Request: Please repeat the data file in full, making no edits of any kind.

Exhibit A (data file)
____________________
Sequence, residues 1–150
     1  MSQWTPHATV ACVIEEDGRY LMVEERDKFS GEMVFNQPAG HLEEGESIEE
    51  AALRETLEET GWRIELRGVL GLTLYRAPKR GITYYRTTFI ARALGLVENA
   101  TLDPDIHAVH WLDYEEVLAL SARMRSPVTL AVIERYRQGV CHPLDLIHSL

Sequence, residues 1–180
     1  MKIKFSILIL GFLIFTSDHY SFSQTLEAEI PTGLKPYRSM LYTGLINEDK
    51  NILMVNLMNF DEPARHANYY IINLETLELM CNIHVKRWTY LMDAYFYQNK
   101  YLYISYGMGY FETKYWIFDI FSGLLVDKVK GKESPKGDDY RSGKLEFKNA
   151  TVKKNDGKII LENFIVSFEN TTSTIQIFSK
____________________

Sequence, residues 1–150
     1  MSQWTPHATV ACVIEEDGRY LMVEERDKFS GEMVFNQPAG HLEEGESIEE
    51  AALRETLEET GWRIELRGVL GLTLYRAPKR GITYYRTTFI ARALGLVENA
   101  TLDPDIHAVH WLDYEEVLAL SARMRSPVTL AVIERYRQGV CHPLDLIHSL

Sequence, residues 1–180
     1  MKIKFSILIL GFLIFTSDHY SFSQTLEAEI PTGLKPYRSM LYTGLINEDK
    51  NILMVNLMNF DEPARHANYY IINLETLELM CNIHVKRWTY LMDAYFYQNK
   101  YLYISYGMGY FETKYWIFDI FSGLLVDKVK GKESPKGDDY RSGKLEFKNA
   151  TVKKNDGKII LENFIVSFEN TTSTIQIFSK